Teaching your child to read isn’t as hard as it sounds. That is, if you have a good book to guide you. Today I’m sharing The Ordinary Parent’s Guide to Teaching Reading book review.
The Ordinary Parent’s Guide to Teaching Reading by Jessie Wise and Sara Buffington is “a plain-English guide to teaching phonics.” Jessie Wise is also the co-author of The Well Trained Mind: A Guide to Classical Education at Home. For any classical homeschooler, the name should ring a bell.
It was my confidence in the writer that spurred me to purchase this phonics program for my son. I love The Well Trained Mind and thought The Ordinary Parent’s Guide to Teaching Reading would be perfect for us. Unfortunately I was wrong. But first, let me share some of the things that I liked about this book.
Book Review – What I loved
When I first looked at the possibility of teaching my son to read, the task seemed daunting. I felt like I needed a complete curriculum to walk me through exactly what to say and how to go about doing it.
This program offered just what I wanted in the form of a very guided structure of teaching my son reading. I mean it guides you in exactly what to say, ask, do etc. It is clear and easy to follow which makes you feel like you actually can teach your child to read. A confidence booster I really needed.
I’m sure that this reading program is great for some out there. For me and my son, I’m truly sorry to say that this was all I liked about this program. It’s a complete, scripted-format guide to reading and that was what I was looking for but how it went about the reading lessons just didn’t work for us.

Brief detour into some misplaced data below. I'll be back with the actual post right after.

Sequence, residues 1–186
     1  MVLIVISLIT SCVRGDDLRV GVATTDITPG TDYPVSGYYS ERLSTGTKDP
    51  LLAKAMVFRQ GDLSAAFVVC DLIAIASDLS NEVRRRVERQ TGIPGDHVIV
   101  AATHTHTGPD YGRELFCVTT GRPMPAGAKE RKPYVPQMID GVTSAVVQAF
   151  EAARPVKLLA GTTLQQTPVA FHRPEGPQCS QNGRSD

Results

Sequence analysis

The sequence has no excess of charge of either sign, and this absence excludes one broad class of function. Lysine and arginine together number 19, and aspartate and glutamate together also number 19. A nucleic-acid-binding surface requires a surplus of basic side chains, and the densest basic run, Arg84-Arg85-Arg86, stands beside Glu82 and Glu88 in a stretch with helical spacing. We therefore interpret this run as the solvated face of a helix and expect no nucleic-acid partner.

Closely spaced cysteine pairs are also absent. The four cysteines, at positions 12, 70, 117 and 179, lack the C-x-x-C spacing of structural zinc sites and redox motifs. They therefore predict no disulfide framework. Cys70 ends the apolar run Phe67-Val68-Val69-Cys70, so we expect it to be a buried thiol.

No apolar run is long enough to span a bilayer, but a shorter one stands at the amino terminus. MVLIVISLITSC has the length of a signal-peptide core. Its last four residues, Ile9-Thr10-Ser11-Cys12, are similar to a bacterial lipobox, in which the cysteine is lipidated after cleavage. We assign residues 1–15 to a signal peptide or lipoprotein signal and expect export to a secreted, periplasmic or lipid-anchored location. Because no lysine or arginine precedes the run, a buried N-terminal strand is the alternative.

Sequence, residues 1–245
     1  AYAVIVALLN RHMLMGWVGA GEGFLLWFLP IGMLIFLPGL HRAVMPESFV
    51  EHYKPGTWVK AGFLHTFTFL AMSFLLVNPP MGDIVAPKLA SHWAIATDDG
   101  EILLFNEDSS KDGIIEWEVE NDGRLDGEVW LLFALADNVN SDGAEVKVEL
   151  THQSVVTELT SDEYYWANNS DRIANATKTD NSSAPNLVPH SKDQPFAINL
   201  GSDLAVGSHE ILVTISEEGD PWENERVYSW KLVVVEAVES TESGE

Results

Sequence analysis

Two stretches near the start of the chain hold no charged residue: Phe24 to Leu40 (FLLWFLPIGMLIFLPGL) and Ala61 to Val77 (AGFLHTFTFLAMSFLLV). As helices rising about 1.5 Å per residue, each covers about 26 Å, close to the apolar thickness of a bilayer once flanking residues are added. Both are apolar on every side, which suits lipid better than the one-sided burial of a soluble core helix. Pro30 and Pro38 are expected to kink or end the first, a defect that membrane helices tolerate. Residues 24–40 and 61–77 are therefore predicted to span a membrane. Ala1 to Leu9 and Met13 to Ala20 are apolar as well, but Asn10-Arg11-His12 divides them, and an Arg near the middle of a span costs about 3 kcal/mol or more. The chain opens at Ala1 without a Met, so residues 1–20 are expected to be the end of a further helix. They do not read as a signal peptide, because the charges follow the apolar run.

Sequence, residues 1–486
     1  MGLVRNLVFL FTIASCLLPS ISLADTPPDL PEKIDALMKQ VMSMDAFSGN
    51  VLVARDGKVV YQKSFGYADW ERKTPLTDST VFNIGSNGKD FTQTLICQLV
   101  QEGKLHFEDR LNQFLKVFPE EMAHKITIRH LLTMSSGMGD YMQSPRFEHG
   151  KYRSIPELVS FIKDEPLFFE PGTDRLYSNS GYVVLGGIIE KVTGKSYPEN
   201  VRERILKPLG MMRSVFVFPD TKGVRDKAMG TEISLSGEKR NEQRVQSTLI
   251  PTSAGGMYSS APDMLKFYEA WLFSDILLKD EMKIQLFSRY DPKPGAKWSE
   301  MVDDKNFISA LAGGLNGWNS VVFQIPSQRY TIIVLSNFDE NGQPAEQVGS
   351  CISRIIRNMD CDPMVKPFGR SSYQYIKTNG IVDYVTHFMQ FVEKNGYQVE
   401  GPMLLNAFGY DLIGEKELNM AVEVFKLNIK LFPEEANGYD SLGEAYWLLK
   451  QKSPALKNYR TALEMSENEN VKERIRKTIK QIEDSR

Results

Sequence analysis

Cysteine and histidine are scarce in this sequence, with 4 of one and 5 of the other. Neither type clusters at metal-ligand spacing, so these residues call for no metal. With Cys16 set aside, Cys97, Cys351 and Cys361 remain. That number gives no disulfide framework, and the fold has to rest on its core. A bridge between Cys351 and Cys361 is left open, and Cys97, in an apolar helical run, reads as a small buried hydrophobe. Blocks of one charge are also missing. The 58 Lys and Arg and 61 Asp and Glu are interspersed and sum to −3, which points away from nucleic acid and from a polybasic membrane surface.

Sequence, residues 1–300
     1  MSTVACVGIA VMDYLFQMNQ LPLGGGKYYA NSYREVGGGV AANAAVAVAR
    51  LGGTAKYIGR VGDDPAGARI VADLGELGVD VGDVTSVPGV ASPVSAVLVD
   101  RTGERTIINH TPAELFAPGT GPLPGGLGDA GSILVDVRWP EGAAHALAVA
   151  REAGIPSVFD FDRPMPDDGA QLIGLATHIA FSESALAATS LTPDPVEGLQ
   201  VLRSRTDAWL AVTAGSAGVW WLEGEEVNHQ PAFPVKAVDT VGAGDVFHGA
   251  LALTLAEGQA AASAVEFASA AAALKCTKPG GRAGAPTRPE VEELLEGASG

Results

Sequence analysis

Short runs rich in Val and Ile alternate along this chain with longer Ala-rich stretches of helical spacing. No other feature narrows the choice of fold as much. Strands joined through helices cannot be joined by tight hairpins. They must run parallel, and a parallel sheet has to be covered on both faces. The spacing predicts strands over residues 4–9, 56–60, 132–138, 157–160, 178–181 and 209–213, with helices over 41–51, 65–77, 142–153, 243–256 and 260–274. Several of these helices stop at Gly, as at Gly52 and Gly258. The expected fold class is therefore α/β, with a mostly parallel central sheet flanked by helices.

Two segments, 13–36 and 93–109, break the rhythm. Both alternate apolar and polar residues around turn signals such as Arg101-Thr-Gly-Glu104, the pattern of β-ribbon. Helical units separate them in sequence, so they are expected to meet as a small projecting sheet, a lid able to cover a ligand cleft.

Let me explain…
Book Review – What I did not like
When we started the school year, my son was already very familiar with his letters and their sounds so the first two sections of the book were pretty pointless for us. The book does do a pretty good job of going through each letter and the associated sound in a fun and easy way but we didn’t need this particular guide.
We started the book in section three with short vowel words. Honestly, my son was resistant to want to learn to read at first. It took a few times of trial and error to figure out what he didn’t like so much about the lessons but ultimately I figured it out.
First of all, my son was not a fan of the the lesson format . The book is supposed to be a one stop shop for all you need to teach your child phonics. This means the lessons are all contained in the book, including the words the child is supposed to practice reading.
The small print made it hard for my son to read. Not to mention that when sitting beside me, either he had to look over my arm or I had to look over his head as he leaned in close to read the tiny print. This made it hard for me to help him sound out the words when I couldn’t see them well myself.
I found a way around this by writing all the new words he would be reading onto index cards. This quickly got old for me though as the amount of words he was to practice reading increased. I just didn’t want to do that much work.
A major hiccup we ran into with this program was the lesson order, particularly with short e and short i. My son had difficulty differentiating the sounds and having these lessons back to back did not help.
I had to stop the lessons altogether and just focus on short e words. Then I skipped to short o and u before going back and re-introducing short i.
In fact, I had to refrain from moving forward with the lessons very often because he just needed so much review. The book does encourage a “two review and one new” lesson structure, but this extended the lesson time and my son could never stay engaged and motivated long enough to maintain this style.
Book Review – Conclusion
The Ordinary Parent’s Guide to Teaching Reading is currently collecting dust on our bookshelf. I tried to make it work as much as I could, but ultimately it just didn’t work for us. However this book did give me the confidence I needed to teach my child to read as well as a good foundation to get started. Consequently I have developed my own way to teach my child to read and it has worked well for us.
I hate to leave a bad book review for a program written by a talented educator but unfortunately this guide to teaching reading just didn’t work for us. I do owe my confidence in teaching my child to read to The Ordinary Parent’s Guide to Teaching Reading and have since taught my child to read. I’d say that is a win regardless.